An effective way of dividing up an electorate is to separate the “right” from the “left,” “liberals” from “conservatives,” “liberals” from “progressives,” “centrists” from “progressives,” “alternative” from “mainstream.”
This is no more evident than in the media.
Right-wing media has successfully convinced large swaths of the population everything that isn’t Fox, Breitbart, Red State, The Washington Times, or the New York Post, etc. is inherently “liberal” simply by dint of it not being one of them.
But there is no “liberal” when it comes to the corporate media.
The so-called “liberal” media has become nothing more than a weak generic misnomer for anything not overtly pandering to the billionaire agenda.
CNN, MSNBC, NBC, CBS, ABC–all the major national news conglomerates–are not liberal; they’re multi-million dollar corporate juggernauts with banking, advertising, airline, automobile, insurance, food industry, retail, weapons, fossil fuel, and telecommunications executives sitting on their boards of directors, married to the almighty dollar/ratings.
This is why all we get from them is horse-race, personality-driven clickbait, not issues.
The New York Times is a popular conservative target.
Just like television media, though, it too operates within a corporate hierarchy.
And that hierarchy has determined that MSNBC‘s Rachel Maddow is just too “opinionated” to be associated with any of its reports.
It all started when an MSNBC producer extended an invitation to New York Times finance editor David Enrich to discuss with Maddow a story he was running about anti-money-laundering specialists at Deutsche Bank flagging suspicious transactions involving Donald Trump and his son-in-law Jared Kushner.
“The Times was wary of how viewers might perceive a down-the-middle journalist like Enrich talking politics with a mega-ideological host like Maddow.”
An MSNBC spokesperson commented:
“For over a decade, The Rachel Maddow Show has welcomed the best journalists from across the country and celebrated the hard work they do, day-in and day-out. This includes countless New York Times reporters and editors. That commitment to journalism is part of the DNA of the show.”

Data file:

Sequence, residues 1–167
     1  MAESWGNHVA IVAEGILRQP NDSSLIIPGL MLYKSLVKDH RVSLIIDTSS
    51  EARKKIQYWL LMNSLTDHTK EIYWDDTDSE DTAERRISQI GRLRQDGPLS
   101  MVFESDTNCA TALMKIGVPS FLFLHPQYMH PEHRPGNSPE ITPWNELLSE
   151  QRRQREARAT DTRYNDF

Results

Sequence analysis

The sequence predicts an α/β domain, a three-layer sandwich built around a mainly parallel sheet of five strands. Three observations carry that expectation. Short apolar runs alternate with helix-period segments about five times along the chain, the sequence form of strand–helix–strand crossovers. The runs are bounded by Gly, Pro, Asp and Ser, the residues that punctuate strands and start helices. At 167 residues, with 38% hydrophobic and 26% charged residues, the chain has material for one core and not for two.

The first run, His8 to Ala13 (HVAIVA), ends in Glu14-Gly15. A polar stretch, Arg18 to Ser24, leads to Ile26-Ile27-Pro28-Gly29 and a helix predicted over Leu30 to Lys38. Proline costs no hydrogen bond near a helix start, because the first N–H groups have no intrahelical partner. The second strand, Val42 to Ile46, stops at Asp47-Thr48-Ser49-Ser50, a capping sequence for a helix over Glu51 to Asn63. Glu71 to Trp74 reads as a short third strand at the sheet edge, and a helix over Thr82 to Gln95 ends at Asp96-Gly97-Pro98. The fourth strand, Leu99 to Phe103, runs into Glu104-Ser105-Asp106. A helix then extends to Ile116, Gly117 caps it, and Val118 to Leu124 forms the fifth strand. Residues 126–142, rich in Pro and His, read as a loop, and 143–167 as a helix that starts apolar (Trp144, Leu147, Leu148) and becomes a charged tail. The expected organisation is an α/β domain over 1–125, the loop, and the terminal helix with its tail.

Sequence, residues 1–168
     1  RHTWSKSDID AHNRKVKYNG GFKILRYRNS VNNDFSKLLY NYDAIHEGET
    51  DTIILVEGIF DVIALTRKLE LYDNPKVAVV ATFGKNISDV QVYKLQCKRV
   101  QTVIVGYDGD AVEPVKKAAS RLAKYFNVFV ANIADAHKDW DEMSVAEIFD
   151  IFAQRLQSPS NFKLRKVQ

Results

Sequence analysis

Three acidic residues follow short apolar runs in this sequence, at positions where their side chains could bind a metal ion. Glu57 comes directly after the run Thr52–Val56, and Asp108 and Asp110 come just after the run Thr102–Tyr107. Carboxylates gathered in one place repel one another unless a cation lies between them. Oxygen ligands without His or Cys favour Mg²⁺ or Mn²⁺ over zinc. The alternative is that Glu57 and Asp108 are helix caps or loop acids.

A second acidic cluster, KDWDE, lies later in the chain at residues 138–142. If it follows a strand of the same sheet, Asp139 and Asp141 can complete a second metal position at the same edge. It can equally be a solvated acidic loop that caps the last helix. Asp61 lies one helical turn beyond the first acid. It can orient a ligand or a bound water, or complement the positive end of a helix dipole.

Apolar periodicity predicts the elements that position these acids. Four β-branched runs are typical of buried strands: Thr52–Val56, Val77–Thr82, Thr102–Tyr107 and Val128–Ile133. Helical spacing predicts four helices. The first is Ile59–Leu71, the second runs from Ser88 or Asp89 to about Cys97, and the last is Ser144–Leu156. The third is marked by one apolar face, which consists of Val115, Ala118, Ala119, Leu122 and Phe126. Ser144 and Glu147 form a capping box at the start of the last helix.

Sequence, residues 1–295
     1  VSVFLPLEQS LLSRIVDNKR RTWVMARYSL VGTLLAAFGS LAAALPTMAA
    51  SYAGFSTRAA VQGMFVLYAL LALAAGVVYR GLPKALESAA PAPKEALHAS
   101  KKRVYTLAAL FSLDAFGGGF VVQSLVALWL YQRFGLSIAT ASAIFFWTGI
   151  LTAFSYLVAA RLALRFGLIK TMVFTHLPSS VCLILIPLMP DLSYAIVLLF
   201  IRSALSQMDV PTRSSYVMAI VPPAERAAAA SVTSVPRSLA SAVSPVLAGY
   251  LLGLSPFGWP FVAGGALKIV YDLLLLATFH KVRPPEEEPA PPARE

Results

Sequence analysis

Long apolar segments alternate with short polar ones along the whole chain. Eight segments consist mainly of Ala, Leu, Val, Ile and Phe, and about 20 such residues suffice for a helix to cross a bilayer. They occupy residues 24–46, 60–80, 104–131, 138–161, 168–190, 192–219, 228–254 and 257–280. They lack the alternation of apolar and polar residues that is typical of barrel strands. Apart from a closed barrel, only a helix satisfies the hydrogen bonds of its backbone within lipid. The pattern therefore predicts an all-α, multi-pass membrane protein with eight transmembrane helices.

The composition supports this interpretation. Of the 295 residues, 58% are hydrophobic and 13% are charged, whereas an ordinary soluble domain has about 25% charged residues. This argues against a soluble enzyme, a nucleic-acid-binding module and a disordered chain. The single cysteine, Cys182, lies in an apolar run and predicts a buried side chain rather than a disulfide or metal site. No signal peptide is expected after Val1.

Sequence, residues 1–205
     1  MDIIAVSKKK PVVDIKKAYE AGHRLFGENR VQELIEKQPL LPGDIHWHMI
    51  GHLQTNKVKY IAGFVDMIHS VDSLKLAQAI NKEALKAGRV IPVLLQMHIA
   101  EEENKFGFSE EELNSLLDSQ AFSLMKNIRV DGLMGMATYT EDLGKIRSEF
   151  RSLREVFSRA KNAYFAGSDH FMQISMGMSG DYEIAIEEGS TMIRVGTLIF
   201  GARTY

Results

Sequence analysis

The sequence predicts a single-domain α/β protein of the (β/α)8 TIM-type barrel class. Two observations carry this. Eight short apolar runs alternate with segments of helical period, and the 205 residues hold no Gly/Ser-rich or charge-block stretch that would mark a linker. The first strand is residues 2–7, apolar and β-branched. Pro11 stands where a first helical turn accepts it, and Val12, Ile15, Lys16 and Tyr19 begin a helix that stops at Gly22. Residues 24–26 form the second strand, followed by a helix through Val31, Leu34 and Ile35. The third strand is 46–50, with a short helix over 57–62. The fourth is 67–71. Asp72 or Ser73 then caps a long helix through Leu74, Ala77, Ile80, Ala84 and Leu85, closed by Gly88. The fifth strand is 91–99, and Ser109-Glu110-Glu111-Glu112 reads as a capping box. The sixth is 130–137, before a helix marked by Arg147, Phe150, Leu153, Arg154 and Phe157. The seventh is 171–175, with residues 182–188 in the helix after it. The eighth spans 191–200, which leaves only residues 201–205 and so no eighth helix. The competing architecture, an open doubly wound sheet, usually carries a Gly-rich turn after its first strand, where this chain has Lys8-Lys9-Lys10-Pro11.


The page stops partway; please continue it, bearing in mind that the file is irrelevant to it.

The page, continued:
Perhaps the powers that be at the Times are feeling a little squeamish over being labeled “liberal,” because Maddow’s show is not the only one it has eschewed.
According to individuals familiar with the Times’ decision making, The Last Word With Lawrence O’Donnell and CNN Tonight with Don Lemon have also been shunned.
Times executive editor Dean Baquet and others at the Times have apparently become concerned that if a Times reporter appears on one of these “liberal” programs, he or she might be mistaken for liberal him or herself.
Interestingly, several former Times journalists, like Maggie Haberman, Julie Davis, Patrick Healy, Mike Schmidt, Nicholas Confessore, and Jeremy Peters, are now CNN political analysts.
Also interestingly, NBC denied Rachel Maddow–its own employee–the opportunity to host Meet The Press because she is “too partisan.”
She’s too partisan for its own good.
Figure that one out.
Former Republican Florida congressman and current Morning Joe host Joe Scarborough was promoted over her.
So the New York Times, an extremely reputable journalistic outlet, is falling for Trump-era “fake news” attacks, and it doesn’t bode well for the direction the media must go if it plans to live up to its role as the fourth estate.
Just look at how it panders to middle-of-the-road Democrats like Joe Biden and all but ignores or responds passive-aggressively toward true progressives like Bernie Sanders and Elizabeth Warren.
Chris Hedges nails it when he states:
“The corporate media ignores issues and policies, since there is little genuine disagreement among the candidates, and presents the race as a beauty contest. The fundamental question the press asks is not what do the candidates stand for but whom do the voters like.”
Entertainment and capital have corrupted our media landscape ever since Ronald Reagan stopped enforcing the Fairness Doctrine in 1986.
Bill Clinton finally put it in its coffin ten years later when he signed the Telecommunications Act.
Unless the corporate media has an epiphany within the year, we are going to repeat the same embarrassing sideshow we saw in 2016.
That means we might repeat the same embarrassing sideshow we saw in 2016.
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